There exists a fundamental gap in our understanding of the relationship between pyranopterin molybdenum enzyme structure and function. The long-term goals of our research are to understand enzyme mechanism in order to improve the quality of human health and the environment. Our objective in pursuit of these goals is to develop a comprehensive understanding of how active site geometric and electronic structure contributes to proper enzyme function. This will be accomplished through a combination of detailed spectroscopic (electronic absorption, MCD, Raman, XAS, EPR, etc.) and bonding studies on enzymes from all three pyranopterin Mo enzyme families. This work will be complemented by parallel studies on small molecule analogues. Our combined spectroscopic approach is designed to provide detailed insight into key electronic structure contributions to catalysis and our computational studies will be calibrated to spectroscopic and reactivity data in order to obtain a high level of mechanistic detail. The central hypothesis is that a complex interplay exists between active site geometric and electronic structure that functions to facilitate the unique reactions these enzymes catalyze. The rationale for this research is that a comprehensive understanding of how electronic structure contributes to reactivity in pyranopterin Mo enzymes will lead to greater insight into innovative drug and pro-drug design, understanding disease states related to Mo enzyme activity, and generally improving human health and the environment. We will test our central hypothesis in order to accomplish the stated objective of this proposal through the successful pursuit of the three Specific Aims 1) Determine the reaction coordinate for the molybdenum hydroxylases, 2) Develop a comprehensive understanding of active site contributions to catalysis in the sulfite oxidase family enzymes YedY and mARC, and 3) Identify key molybdenum-sulfur covalency contributions to electron transfer (ET) and redox potential modulation in dimethylsulfoxide reductase family enzymes. Our research plan is innovative because it 1) utilizes a combined spectroscopic approach coupled with sophisticated computational studies to probe key enzyme states with minimal or no interference from endogenous chromophores, 2) proposes to study a new Mo enzyme found in humans (mARC), and 3) contributes to a greater understanding of the pyranopterin dithiolene in catalysis. This proposed research is significant because it will lead to a markedly greater understanding of how active site geometric and electronic structure directly affect molybdoenzyme substrate specificity and the nature of the reaction coordinate, the nature of the reaction catalyzed (oxidation/reduction), and the role of the pyranopterin dithiolene cofactor in catalysis.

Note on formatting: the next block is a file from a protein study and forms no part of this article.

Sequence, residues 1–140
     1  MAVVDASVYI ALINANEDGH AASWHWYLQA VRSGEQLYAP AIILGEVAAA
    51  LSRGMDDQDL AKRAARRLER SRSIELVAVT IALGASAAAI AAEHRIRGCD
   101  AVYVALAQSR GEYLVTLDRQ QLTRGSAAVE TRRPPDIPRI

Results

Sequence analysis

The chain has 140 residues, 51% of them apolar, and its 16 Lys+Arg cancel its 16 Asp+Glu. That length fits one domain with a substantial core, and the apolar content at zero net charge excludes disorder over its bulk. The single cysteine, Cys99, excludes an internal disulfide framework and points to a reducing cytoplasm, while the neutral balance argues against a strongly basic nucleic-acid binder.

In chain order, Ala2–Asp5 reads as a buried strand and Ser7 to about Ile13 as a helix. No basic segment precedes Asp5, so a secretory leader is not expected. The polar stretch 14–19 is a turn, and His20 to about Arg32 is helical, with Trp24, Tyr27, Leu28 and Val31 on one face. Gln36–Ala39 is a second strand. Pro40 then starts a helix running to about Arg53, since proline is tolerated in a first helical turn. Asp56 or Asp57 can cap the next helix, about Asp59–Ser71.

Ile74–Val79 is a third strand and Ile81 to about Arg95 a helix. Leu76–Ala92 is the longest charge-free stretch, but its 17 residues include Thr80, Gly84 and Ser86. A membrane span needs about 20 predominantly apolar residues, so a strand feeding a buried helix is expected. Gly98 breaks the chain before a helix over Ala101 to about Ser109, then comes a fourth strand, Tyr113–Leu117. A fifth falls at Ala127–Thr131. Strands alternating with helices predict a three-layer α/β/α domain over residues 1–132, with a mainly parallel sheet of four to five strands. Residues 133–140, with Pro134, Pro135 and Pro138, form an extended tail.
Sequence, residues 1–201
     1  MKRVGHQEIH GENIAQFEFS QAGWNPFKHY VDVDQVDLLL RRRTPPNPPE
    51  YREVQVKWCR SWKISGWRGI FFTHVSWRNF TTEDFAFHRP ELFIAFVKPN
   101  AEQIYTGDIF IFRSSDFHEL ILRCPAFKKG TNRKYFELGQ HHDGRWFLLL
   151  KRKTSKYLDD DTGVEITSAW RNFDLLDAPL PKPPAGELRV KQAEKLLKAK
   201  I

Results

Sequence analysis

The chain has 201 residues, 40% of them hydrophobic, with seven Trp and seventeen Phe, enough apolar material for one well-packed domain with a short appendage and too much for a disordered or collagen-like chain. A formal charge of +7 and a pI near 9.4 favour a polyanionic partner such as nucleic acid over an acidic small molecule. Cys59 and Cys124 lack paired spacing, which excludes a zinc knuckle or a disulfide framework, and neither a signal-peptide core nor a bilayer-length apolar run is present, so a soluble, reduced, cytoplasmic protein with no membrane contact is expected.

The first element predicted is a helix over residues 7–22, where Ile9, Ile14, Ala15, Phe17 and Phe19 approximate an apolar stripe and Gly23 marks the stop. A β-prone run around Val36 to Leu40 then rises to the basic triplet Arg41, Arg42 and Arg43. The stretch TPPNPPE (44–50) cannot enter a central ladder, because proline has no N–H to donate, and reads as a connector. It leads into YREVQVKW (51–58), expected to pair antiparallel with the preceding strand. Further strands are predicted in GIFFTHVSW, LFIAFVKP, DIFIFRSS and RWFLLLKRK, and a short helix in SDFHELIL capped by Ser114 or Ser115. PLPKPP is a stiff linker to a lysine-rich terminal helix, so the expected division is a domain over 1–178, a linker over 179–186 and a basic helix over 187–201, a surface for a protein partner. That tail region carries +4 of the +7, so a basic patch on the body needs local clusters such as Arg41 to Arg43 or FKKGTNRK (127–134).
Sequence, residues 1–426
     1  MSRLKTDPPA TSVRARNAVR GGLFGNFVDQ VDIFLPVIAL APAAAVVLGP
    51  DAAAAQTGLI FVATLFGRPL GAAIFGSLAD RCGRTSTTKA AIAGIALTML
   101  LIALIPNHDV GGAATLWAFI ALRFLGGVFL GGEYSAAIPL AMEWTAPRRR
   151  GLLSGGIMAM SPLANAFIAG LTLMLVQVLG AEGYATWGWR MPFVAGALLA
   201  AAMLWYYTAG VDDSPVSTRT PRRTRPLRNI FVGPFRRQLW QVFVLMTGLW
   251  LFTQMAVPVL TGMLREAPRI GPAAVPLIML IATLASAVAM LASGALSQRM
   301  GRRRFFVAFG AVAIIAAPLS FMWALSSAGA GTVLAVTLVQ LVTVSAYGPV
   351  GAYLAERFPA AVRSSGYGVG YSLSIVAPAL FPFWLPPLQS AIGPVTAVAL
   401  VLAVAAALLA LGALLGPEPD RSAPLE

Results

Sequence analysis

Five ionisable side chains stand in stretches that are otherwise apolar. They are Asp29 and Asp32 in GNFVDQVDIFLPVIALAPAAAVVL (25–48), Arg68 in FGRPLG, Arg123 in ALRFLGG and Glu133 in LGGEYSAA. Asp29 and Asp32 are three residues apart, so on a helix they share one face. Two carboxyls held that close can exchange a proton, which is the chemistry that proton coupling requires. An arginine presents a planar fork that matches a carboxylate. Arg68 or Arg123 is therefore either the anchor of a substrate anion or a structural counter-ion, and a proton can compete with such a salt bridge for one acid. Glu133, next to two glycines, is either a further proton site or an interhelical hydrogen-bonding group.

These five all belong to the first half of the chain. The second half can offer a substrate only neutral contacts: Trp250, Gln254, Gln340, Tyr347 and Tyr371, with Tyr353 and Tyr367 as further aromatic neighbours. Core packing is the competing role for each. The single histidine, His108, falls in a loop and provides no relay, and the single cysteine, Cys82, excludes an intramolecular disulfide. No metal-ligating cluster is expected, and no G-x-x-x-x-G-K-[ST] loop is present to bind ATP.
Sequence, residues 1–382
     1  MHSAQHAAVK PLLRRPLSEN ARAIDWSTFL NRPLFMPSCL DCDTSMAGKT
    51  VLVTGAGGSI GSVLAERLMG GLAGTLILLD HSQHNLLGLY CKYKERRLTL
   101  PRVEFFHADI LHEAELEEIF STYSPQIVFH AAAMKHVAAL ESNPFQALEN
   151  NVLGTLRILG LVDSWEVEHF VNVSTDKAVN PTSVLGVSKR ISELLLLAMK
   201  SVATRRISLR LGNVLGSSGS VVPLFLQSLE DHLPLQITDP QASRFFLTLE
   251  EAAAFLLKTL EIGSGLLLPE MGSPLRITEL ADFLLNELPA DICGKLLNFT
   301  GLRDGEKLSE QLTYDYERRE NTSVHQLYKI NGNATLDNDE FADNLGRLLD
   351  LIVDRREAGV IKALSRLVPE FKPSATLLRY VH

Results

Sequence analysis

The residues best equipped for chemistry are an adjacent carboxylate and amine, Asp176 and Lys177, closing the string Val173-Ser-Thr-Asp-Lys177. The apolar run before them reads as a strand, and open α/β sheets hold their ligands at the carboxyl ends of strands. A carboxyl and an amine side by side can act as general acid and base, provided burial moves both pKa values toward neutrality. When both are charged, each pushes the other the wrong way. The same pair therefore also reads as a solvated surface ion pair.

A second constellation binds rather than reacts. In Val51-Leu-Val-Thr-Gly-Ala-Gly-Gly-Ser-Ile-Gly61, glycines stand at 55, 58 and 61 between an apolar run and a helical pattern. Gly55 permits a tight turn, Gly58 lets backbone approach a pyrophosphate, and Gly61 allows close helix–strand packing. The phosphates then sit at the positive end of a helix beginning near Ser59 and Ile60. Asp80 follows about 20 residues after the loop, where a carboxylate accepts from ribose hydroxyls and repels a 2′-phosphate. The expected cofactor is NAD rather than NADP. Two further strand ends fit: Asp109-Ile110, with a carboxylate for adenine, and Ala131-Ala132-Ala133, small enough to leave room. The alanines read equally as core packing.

The proposed research is related to public health because, in humans, these enzymes are involved in drug metabolism, oxidative stress and fatal diseases. Therefore, the work detailed in this proposal is relevant to NIH's mission at it pertains to the pursuit of fundamental knowledge regarding the nature and behavior of living systems and the application of that knowledge to extend healthy life and reduce the burdens of illness.
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